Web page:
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Bhikari Prusti Vs. Madan Mohan Jiu Thakur and ors. - Court Judgment

LegalCrystal Citation
SubjectCivil
CourtOrissa High Court
Decided On
Case NumberSecond Appeal No. 374 of 1948
Judge
Reported inAIR1953Ori73
ActsHinud Law; Code of Civil Procedure (CPC) , 1908 - Order 6, Rule 4; Evidence Act, 1872 - Sections 101 to 103
AppellantBhikari Prusti
RespondentMadan Mohan Jiu Thakur and ors.
Appellant AdvocateB.K. Pal, Adv.
Respondent AdvocateL.K. Dasgupta, ;B.C. Sen, ;J.B. Kar and ;V. Pasayat, Advs.
DispositionAppeal dismissed
Cases ReferredKhetter Chunder v. Hari Das
Excerpt:
.....to the endowment as well. substantially, the 'seba samarpana patra' may be taken to be with the intention of making proper management for the worship, but to my mind, it is perfectly clear from the position of law that that alone is not sufficient to validate an alienation of 'marfatdari' rights in favour of a stranger. the mere fact that other co-sharer 'marfatdars' did not resist or impeach the transaction earlier cannot be taken to be a very strong piece of evidence to discharge the very heavy onus lying on the party alleging the custom......in that case, it was a private endowment and that with the concurrence or the whole family, the family transferred the deity and the 'marfatdari' rights to another family for the purpose of carrying on the regular worship of the idol. the transfer was held to be a valid transaction.the whole rationale of the judgment was on account if the endowment being a private one and the transfer being with the concurrence of the whole family. here, of course, it is a transfer by one of the 'marfatdars' only of his two annas interest to a stranger, as i nave already found, in the absence of any other 'marfatdars' who are carrying on their duties. in conclusion, therefore, the transaction, in question, dated 1-11-33, cannot be upheld in law.7. a further point was taken up by mr. pal. that the.....
Judgment:

Mohapatra, J.

1. This is a defendant's Second Appeal against the reversing judgment of Sri C.C. Coari, District Judge of Cuttack, decreeing the plaintiffs' suit for declaration of the deed of Sebasamarpanpatra as invalid.

2. The deity (Madan Mohan Jiu) is situate in village Kaima with nearly 27 'Marfatdars', (SIC) belonging to Das family being 'Pataras' by (SIC) One of the 'Marfatdars' was Bhima Das. (SIC)account of his old age and on amount of reason that his son was absent from the (SIC) on many occasions, he executed a deed of 'Sebasamarpanapatra' in respect of his two annas share of the 'marfatdari' right of the deity, the deed being dated 1-11-33 in favour of the present appellant (Baikari the defendant No. 1).

3. The plaintiffs' substantial attack was that the 'marfatdari' rights are not alienable, and, as such, the deed was invalid.

4. The defence was that the suit was barred by limitation & was not maintainable tinder the provisions of Section 54 of the Orissa Hindu Religious Endowments Act. But the main point of defence was that the deed was not an invalid deed and in the circumstances of the present case the transfer was a valid transfer inasmuch as it was for the benefit of the institution and the donee was interested with the endowment and had made previous contribution to the endowment as well.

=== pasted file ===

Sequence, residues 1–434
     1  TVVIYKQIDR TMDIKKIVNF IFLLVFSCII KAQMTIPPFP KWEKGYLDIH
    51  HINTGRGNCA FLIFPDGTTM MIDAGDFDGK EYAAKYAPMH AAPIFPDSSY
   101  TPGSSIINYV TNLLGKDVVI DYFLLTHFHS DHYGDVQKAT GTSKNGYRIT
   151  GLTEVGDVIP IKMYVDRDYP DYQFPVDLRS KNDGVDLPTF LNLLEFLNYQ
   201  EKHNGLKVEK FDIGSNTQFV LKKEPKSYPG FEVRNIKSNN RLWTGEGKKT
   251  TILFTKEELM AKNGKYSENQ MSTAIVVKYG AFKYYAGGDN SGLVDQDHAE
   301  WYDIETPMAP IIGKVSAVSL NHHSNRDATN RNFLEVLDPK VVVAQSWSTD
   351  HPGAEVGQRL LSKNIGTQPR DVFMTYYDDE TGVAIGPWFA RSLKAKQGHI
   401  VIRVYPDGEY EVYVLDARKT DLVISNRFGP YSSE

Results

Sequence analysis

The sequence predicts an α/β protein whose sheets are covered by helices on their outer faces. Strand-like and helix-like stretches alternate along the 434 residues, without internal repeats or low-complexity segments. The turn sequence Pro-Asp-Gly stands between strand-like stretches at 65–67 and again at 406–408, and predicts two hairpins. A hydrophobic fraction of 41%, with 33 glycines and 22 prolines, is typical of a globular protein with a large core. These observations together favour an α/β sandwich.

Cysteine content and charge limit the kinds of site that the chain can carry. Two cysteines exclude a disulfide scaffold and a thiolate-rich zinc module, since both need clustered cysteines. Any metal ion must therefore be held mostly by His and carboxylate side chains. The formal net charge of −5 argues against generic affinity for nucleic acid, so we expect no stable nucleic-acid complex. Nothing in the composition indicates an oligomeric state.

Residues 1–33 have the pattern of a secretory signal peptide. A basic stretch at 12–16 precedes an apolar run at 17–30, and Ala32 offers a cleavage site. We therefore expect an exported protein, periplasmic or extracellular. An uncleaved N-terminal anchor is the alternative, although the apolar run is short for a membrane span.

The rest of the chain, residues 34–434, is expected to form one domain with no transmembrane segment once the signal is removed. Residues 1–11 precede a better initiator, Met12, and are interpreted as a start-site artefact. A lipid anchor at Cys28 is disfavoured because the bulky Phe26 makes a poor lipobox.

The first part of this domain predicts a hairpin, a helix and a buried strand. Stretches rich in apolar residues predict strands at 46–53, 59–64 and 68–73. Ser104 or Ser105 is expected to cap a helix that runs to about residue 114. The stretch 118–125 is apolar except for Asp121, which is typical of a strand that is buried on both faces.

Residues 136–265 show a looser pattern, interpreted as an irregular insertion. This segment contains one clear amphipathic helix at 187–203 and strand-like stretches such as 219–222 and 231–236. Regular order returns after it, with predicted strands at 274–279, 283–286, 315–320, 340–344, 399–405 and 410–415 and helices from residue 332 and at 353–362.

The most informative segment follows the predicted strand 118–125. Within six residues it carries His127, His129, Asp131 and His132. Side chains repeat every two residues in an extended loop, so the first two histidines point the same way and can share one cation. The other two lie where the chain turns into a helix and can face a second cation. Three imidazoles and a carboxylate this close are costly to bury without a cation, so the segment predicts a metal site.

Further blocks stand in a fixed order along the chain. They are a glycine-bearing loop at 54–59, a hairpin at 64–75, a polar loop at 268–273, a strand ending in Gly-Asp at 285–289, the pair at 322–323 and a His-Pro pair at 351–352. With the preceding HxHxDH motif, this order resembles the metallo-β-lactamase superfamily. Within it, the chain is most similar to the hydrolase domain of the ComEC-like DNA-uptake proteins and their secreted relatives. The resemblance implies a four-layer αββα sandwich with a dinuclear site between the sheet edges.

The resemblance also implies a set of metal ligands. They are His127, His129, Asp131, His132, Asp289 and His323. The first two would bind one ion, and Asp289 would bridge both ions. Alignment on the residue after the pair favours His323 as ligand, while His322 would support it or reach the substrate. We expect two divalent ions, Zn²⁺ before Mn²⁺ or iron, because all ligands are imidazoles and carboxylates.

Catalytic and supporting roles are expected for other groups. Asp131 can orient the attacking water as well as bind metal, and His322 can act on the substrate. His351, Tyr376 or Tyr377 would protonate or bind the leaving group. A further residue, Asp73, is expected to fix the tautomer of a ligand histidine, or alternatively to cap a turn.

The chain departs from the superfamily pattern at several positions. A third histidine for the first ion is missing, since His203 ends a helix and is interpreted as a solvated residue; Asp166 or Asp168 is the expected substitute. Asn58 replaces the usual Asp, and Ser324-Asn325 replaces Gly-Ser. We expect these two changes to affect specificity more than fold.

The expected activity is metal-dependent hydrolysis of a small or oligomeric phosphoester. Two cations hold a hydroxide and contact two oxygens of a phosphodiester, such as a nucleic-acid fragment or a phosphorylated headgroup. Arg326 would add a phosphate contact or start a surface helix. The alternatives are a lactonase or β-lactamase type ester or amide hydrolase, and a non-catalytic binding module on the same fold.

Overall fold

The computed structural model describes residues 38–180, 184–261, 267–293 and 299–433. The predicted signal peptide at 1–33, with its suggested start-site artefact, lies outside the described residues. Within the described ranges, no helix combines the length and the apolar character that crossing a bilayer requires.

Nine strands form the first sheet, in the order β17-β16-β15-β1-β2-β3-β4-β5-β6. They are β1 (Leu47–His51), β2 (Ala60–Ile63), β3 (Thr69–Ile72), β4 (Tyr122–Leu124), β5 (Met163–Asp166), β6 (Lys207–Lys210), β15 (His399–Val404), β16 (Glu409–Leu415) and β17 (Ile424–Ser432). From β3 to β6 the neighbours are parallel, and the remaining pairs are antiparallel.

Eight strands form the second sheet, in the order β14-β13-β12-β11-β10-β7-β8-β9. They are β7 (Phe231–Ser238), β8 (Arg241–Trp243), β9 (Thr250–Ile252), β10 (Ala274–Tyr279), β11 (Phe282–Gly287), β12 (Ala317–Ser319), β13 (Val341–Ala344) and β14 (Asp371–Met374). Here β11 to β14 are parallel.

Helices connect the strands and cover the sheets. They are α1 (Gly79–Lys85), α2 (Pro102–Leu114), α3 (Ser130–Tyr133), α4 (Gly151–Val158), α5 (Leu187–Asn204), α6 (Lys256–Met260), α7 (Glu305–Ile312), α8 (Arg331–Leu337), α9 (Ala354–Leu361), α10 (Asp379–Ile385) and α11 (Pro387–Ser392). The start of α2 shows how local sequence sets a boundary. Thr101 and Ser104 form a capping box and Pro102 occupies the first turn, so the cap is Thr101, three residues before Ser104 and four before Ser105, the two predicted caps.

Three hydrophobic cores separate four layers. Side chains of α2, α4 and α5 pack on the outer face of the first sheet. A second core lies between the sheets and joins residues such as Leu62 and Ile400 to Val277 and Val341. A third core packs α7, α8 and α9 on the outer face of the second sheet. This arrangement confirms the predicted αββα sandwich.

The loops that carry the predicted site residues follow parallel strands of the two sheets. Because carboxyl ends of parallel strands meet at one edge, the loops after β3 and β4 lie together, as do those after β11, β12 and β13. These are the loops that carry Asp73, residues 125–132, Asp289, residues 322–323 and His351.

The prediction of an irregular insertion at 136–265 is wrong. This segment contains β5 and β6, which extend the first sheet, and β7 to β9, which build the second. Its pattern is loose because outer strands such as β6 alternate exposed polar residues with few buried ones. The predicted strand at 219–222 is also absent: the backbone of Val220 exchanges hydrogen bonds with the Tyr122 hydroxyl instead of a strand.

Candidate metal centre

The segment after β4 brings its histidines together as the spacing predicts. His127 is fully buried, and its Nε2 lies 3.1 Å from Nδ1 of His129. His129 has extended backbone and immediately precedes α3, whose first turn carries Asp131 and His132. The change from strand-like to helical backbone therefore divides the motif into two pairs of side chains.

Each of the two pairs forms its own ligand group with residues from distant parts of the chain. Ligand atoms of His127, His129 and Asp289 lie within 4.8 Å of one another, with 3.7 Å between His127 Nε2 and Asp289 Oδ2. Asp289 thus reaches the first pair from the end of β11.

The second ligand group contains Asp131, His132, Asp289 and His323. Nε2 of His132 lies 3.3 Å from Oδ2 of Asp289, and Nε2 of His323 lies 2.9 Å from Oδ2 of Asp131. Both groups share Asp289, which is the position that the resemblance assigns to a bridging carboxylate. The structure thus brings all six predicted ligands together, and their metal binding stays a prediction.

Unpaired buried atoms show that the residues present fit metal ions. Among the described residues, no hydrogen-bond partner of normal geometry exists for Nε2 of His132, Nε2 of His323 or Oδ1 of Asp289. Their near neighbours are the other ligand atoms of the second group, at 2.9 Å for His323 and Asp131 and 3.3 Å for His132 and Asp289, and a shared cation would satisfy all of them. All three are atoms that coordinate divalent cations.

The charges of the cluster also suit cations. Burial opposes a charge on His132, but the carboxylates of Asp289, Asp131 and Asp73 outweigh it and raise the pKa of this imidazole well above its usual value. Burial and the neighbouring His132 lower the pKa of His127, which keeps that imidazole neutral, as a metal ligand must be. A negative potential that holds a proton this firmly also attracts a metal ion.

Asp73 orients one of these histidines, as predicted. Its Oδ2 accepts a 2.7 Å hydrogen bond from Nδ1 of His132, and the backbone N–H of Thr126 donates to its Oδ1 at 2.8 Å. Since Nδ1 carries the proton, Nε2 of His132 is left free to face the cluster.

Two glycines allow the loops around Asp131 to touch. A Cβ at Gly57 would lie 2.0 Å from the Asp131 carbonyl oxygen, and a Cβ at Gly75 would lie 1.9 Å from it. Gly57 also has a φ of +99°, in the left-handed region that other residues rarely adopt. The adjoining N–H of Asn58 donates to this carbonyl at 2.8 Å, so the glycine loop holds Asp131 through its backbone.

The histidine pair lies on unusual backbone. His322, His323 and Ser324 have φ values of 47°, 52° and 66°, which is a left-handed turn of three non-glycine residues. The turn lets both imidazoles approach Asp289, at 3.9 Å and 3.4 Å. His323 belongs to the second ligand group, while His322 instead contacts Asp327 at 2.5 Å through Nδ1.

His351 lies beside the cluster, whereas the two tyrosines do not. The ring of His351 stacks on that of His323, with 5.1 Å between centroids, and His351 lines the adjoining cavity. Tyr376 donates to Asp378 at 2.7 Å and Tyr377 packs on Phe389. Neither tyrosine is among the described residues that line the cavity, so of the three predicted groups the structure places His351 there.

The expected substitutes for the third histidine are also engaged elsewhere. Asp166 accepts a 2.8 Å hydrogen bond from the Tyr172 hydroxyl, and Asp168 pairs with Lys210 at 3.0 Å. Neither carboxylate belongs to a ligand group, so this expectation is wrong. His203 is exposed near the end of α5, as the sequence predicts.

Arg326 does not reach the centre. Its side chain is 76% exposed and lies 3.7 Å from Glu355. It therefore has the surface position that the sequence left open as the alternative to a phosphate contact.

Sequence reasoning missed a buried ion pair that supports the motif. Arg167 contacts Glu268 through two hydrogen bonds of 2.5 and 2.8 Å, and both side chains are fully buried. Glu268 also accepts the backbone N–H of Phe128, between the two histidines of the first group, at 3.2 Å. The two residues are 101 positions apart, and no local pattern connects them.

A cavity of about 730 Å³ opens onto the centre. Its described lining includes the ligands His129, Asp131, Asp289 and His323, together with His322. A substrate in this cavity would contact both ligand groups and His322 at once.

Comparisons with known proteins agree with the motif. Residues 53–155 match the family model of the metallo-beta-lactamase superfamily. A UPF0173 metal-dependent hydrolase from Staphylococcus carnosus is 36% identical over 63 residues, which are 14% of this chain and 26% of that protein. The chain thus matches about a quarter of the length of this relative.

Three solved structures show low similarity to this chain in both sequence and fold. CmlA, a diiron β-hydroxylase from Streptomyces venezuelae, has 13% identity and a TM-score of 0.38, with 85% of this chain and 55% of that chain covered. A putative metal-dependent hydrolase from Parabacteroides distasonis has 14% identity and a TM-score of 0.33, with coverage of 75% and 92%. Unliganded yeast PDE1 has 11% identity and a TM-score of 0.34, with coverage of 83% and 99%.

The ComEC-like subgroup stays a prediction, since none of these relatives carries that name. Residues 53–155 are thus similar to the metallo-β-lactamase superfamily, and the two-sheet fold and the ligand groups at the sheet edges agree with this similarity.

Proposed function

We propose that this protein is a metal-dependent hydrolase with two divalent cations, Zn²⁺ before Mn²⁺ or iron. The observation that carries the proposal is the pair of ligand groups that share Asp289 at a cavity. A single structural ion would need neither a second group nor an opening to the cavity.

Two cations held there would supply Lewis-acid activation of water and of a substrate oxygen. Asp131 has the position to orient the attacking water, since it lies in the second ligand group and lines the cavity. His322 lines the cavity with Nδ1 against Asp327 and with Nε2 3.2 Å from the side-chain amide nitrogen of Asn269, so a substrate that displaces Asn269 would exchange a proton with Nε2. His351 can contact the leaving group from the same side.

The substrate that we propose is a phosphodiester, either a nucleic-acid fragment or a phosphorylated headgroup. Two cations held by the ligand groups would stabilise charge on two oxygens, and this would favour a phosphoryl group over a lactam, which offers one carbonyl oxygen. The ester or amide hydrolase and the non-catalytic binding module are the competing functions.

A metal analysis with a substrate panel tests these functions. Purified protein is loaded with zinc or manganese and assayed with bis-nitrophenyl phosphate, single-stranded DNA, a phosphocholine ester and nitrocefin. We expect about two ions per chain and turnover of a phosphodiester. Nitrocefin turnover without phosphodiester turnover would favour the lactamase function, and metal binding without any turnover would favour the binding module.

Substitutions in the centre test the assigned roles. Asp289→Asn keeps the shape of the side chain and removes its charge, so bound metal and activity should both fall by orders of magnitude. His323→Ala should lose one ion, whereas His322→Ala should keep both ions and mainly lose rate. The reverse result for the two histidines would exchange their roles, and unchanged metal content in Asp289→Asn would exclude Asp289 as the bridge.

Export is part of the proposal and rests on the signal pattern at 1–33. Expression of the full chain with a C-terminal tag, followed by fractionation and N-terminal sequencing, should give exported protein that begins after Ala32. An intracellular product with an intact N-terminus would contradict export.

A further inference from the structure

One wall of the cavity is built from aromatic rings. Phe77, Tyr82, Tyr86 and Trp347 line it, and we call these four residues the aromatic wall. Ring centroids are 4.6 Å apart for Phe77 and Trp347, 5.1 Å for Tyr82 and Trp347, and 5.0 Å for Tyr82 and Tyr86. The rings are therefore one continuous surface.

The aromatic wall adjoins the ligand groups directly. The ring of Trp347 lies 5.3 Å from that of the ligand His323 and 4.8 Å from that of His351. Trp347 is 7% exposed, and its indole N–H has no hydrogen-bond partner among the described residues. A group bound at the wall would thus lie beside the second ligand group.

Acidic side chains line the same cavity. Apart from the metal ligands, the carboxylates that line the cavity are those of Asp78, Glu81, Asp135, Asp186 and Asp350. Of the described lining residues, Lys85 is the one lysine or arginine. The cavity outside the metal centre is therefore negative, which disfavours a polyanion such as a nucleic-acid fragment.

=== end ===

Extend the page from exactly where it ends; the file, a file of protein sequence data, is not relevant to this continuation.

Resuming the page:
5. The learned trial Court had dismissed the plaintiffs' suit finding that the deed was a valid transaction. He had also found that the custom of alienability had been proved. The judgment of the trial Court has been reversed on two main grounds, namely (i) that the transfer of 'marfatdari' rights in favour of a stranger is invalid, and (ii) that the defendants are not able to prove the custom of alienability of the 'marfatdari' rights.

6. Mr. B.K. Pal, appearing on behalf of the appellant, urges the point basing his argument on the position of law that if really the transfer' is without any consideration of pecuniary gain to the donor and if it is really for the benefit of the institution and for proper carrying out of the worship, the deed has got to be accepted as valid in law as in the present case it has been in favour of a man who cannot be deemed to be a stranger to the institution as he had made previous contribution to the institution. He bases his argument on the findings of facts arrived at by both the Courts below.

It is not disputed really that the appellant (defendant No. 1) made some contribution previously to the institution. He belongs to the village and as it appears from the statement of deceased Bhima Das, contained in the deed of 'Seba Samarpana Patra' itself, that on account of his extreme old age he could not be able to carry on properly the management of the deity's worship and that his son was also living away. Substantially, the 'Seba Samarpana Patra' may be taken to be with the intention of making proper management for the worship, but to my mind, it is perfectly clear from the position of law that that alone is not sufficient to validate an alienation of 'marfatdari' rights in favour of a stranger.

The law has been uniformly held to be a valid position ever since the time of the leading case reported in -- 'Rajah Vurmah v. Ravi Vurmah', 1 Mad 235 (PC). I will only refer to a decision of the Patna High Court in a case coming from Cuttack decided in the Cuttack Circuit, reported in -- 'Richha Ram v. Balabhadra Das', 1 Cut L T 15, laving down the principle that in the absence of a custom or some condition in the deed of endowment to the contrary, the office of the 'shebaitship' cannot be transferred. So there are only two exceptions for the purpose of validating a transfer of 'marfatdari' rights: (i) if there be a custom to that effect, and (ii) if there be a condition in the deed itself validating such transfers.

The same view has also been expressed in another case decided at Cuttack reported in --